The best way to ensure they see the best entrepreneurs?  Make sure YC has a sterling reputation both in the eyes of those who succeeded in getting accepted, and those who didn’t make it on their first try.  They should want to make sure they see not just GoodApril, but also my next startup, and those of the next generation of founders who ask me about my experience.

Closing

Let me re-iterate that we don’t regret our YC experience.  YC should keep innovating, however, to make the experience even better for the entrepreneurs.

Many thanks to BoDavid, and Jason (YC founders at FutureAdvisor, Bump, and Leaky), Brady (of Khosla Ventures) and the several other friends and acquaintances who helped us prepare for YC.

Appendix 1 – How our interview progressed:

Almost exactly 10 minutes total

  • Shake hands, get seated
  • Asked to close laptops with prototypes loaded (they never looked at it)
  • “How are you different from TurboTax?”
  • “Are you guys tax experts?”
  • “Who needs this?”
  • “What was the specific situation [Benny] had with the IRS [that inspired the idea]?”
  • “How much money can you save the average customer?”
  • “What are the top 3 tax saving algorithms?”
  • “You data do you need beyond what you can get from banks, and how do you get it?”
  • Thanks, shake hands, walk out

Introducing GoodApril

19 Dec

GoodApril Tax Services

GoodApril is like Mint.com for personal income taxes.

If you’re like most Americans, you don’t know how much you owe in taxes until you file in April, and what’s worse, you’re not confident you did the right things during the year to make sure you’re paying the least amount possible.

GoodApril plans to solve this by providing a web-based solution that aggregates your financial account data, just like Mint.com, to generate a constantly updating forecast of how much you will owe next April. Our algorithm can then identify specific actions you could take to reduce your tax bill.  At the end of the year, we can then enable you to file your taxes in a fraction of the time it takes today with TurboTax.

In the near term, GoodApril plans to offer consumer-friendly tax forecasting tools to help you understand your tax situation, and to prepare for your tax bill come April.  Visit GoodApril.com or email founders@goodapril.com to get on our launch news list.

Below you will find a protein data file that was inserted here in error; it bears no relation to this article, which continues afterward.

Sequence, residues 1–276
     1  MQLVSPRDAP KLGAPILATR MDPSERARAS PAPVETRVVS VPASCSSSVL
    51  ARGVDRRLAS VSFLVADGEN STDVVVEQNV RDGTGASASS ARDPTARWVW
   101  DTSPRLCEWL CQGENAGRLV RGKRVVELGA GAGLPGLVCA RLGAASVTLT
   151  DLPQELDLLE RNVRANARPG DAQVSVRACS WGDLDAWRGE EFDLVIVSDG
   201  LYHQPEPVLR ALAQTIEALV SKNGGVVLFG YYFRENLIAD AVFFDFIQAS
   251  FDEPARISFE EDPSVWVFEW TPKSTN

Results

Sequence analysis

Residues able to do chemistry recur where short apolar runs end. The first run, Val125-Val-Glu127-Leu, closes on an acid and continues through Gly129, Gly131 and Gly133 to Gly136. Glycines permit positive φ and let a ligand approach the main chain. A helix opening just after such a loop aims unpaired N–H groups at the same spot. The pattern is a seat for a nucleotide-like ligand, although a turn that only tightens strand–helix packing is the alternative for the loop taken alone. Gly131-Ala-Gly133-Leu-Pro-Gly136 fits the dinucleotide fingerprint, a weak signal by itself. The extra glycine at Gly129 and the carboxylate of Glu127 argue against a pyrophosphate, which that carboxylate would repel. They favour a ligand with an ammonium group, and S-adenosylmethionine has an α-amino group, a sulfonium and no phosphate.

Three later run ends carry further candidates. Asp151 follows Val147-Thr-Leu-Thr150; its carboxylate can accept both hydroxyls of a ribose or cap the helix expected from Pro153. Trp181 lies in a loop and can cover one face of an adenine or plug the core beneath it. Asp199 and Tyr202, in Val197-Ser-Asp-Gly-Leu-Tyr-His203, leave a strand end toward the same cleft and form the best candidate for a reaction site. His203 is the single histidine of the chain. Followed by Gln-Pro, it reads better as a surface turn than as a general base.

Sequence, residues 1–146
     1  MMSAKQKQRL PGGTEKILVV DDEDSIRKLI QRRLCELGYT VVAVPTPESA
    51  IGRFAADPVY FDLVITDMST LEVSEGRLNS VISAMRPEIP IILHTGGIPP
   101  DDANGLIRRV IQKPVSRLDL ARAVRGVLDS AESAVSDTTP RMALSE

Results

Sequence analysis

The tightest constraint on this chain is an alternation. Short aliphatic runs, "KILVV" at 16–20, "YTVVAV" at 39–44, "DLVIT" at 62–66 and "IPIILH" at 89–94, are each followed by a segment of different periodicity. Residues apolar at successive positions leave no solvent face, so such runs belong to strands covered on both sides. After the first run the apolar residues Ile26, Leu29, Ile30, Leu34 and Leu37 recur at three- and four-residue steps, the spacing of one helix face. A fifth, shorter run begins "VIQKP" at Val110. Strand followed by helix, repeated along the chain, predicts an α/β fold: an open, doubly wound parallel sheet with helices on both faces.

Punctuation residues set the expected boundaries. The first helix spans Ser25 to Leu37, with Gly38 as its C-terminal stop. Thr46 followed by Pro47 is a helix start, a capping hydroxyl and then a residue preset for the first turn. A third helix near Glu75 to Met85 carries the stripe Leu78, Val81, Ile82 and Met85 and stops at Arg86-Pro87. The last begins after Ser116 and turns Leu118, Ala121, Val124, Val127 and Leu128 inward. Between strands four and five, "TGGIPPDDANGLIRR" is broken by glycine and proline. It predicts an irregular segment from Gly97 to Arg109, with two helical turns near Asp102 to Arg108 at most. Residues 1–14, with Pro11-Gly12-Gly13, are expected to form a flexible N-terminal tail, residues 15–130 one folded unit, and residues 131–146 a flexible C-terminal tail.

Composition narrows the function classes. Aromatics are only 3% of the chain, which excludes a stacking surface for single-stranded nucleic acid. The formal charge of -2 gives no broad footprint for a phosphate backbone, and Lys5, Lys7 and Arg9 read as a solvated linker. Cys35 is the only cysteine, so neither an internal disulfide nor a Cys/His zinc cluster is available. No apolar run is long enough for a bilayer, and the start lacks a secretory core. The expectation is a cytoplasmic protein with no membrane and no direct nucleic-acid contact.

API-Based ACH Payment Vendors for Web Developers

26 Oct

While there has been tremendous progress in the world of plug-and-play online credit card payments providers for web developers (see: Stripe, Card.io [now PayPal], Braintree, and others), as well as the introduction of some exciting alterative payments platforms (e.g. Dwolla), it is shockingly difficult to find a robust API-based solution for accepting ACH payments online [and apparently has been for a while].  I have spent the last couple months looking for just such a solution while leading Product management for an online small business lending platform, Endurance Lending Network.

Quick overview of the Pros/Cons of ACH:

ACH PaymentsACH (Automated Clearing House), also sometimes called “eChecks” or “electronic bank transfers”, is an old-school framework for inter-bank money transfer, governed by NACHA. There are two kinds of ACH transactions – a “push”, where a user instructs their bank to send money to another bank (that of your business), and a “pull”, where a user authorizes one bank (i.e. that of your business, through your web application) to request money from another bank.

  • Pros: It’s cheap (per transaction costs can be as low as $.10 per transaction), it’s scalable (it’s typically charged per-transaction, not as a percent of the transaction amount), and it’s reasonably common and therefore not “scary” to customers
  • Cons: It’s fraud-prone (while you will receive an NSF  (insufficient funds) error within 3 days, a customer can walk into her bank up to 60 days after a “pull” transaction has occurred and claim she never authorized your payment. Her bank will then claw back the money they sent you, and you’re left with little recourse outside of a lawsuit, if you can even find the customer), and the rest of this blog post as evidence, it’s hard to find a good plug-and-play provider.